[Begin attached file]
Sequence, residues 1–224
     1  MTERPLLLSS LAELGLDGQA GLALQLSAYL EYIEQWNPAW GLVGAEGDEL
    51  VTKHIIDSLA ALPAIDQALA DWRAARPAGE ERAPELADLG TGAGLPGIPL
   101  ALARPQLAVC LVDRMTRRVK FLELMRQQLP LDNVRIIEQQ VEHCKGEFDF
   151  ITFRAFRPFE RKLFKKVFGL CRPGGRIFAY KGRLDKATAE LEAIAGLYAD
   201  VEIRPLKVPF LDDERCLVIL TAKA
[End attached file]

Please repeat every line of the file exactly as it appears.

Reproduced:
Sequence, residues 1–224
     1  MTERPLLLSS LAELGLDGQA GLALQLSAYL EYIEQWNPAW GLVGAEGDEL
    51  VTKHIIDSLA ALPAIDQALA DWRAARPAGE ERAPELADLG TGAGLPGIPL
   101  ALARPQLAVC LVDRMTRRVK FLELMRQQLP LDNVRIIEQQ VEHCKGEFDF
   151  ITFRAFRPFE RKLFKKVFGL CRPGGRIFAY KGRLDKATAE LEAIAGLYAD
   201  VEIRPLKVPF LDDERCLVIL TAKA